BAR HARBOR — The Mount Desert Island High School AP environmental science class informed town officials about a local environmental crisis with a presentation on the Gulf of Maine’s climate emergency at last week’s Bar Harbor Town Council meeting.
Following a 5-1 Town Council vote in 2019, the town of Bar Harbor officially declared a “climate emergency.” At the time, council members said they intended to create an action plan to address the emergency but needed more time to decide which specific actions the town will undertake.
AP science instructor Ruth Poland introduced the discussion where each student contributed information on topics ranging from local sea level rise, storm intensity, ocean acidification, warming oceans, species movements and agricultural effects due to global warming.
High school junior Grace Munger said that an estimated 3.3–8.2 feet of global sea level rise from ice melting and thermal expansion was expected to occur by 2100. She said that the sea level rise predictions are locally higher than the global scenario, where Bar Harbor will see 4-10 feet of rise.
“With only a 3.3–foot sea level rise, it will cost Bar Harbor $360,000 to repair roads alone and six addresses will be inaccessible to emergency services,” said Munger. The student said the global projections have increased each year since they were made in 2015. “With 6 feet of sea level rise, it will cost Bar Harbor $3,000,000 to repair roads and 750 addresses will be inaccessible to emergency services,” she continued.
Student Kate Pope explained how trapped heat in the atmosphere due to an increased level of greenhouse gas emissions generated by human activity has caused global temperatures to rise. According to a 2017 Maine Emissions from Fossil Fuel Combustion survey, 54 percent of the fossil fuels were used for transportation. “Global temperatures have increased 1.5 degrees since the year 1900 [and] scientists predict they could rise by 5 degrees Celsius by the year 2100,” she said.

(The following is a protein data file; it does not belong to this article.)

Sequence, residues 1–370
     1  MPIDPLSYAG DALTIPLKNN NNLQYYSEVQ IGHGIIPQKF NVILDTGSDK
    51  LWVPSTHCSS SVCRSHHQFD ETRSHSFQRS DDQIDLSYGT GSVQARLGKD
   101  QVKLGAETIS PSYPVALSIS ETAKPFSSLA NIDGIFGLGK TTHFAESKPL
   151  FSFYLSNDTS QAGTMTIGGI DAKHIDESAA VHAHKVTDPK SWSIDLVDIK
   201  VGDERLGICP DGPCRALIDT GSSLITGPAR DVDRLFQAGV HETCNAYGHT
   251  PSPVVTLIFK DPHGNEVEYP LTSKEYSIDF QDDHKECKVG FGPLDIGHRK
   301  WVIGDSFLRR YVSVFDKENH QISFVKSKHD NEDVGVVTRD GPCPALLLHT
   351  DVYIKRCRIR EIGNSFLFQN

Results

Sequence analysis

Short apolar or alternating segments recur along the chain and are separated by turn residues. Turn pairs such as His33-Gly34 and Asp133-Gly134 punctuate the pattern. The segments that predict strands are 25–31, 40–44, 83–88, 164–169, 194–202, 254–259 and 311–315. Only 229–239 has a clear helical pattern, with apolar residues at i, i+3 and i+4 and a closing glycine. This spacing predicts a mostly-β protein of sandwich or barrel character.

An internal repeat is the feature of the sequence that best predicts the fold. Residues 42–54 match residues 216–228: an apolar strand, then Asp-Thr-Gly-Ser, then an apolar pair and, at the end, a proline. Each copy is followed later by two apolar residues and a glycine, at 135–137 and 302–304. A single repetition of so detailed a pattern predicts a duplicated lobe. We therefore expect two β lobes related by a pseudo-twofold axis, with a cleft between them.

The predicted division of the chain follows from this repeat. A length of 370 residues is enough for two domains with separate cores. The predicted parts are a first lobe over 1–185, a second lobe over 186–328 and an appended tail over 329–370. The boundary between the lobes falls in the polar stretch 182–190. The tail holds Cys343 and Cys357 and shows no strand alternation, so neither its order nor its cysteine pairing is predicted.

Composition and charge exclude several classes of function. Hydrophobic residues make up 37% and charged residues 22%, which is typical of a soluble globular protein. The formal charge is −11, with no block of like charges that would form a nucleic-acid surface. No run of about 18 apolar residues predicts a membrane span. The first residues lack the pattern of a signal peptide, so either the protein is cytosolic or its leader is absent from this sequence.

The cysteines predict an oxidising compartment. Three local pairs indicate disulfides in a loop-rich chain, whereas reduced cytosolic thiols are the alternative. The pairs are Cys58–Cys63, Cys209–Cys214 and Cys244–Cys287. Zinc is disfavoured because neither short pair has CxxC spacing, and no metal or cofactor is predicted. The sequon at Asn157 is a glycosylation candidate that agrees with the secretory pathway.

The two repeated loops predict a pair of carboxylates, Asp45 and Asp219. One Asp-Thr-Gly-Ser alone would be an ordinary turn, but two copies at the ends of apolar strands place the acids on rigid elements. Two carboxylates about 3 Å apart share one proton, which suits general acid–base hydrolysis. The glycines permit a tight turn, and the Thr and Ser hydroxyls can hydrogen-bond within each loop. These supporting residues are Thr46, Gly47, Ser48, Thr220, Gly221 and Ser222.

High schooler Sam Mitchell said the escalating temperatures have also warmed the Gulf of Maine seven times faster than the rest of the ocean in the last 15 years. The high temperatures were demonstrated by the class to negatively affect Bar Harbor’s marine life.
Isabella Michael, who was one of five summer climate change interns with A Climate To Thrive, stressed the importance of the world working to stay below 1.5 degrees Celsius of warming to avoid runaway climate change; a breaking point in the climate threshold that, when exceeded, can lead to large changes in the state of the system.
“We have already warmed globally by about 1 degree Celsius … even though we are a small town and a small island, we can make a huge difference,” she said.
Michael proposed that the town adopt the high school’s carbon neutrality goal for Bar Harbor by 2030. She said that if humans can limit their release to 420 gigatons of carbon dioxide, they will meet the 1.5–degree Celsius target. The goal would match the urgent need shown by scientific predictions of what must be done to avoid triggering runaway climate change.
On behalf of the high school science class, Mitchell suggested that Bar Harbor convert all energy uses to electricity by passing a solar ordinance, approve solar energy production in Salisbury Cove, modernize the electric grid and replace old town vehicles with electric vehicles.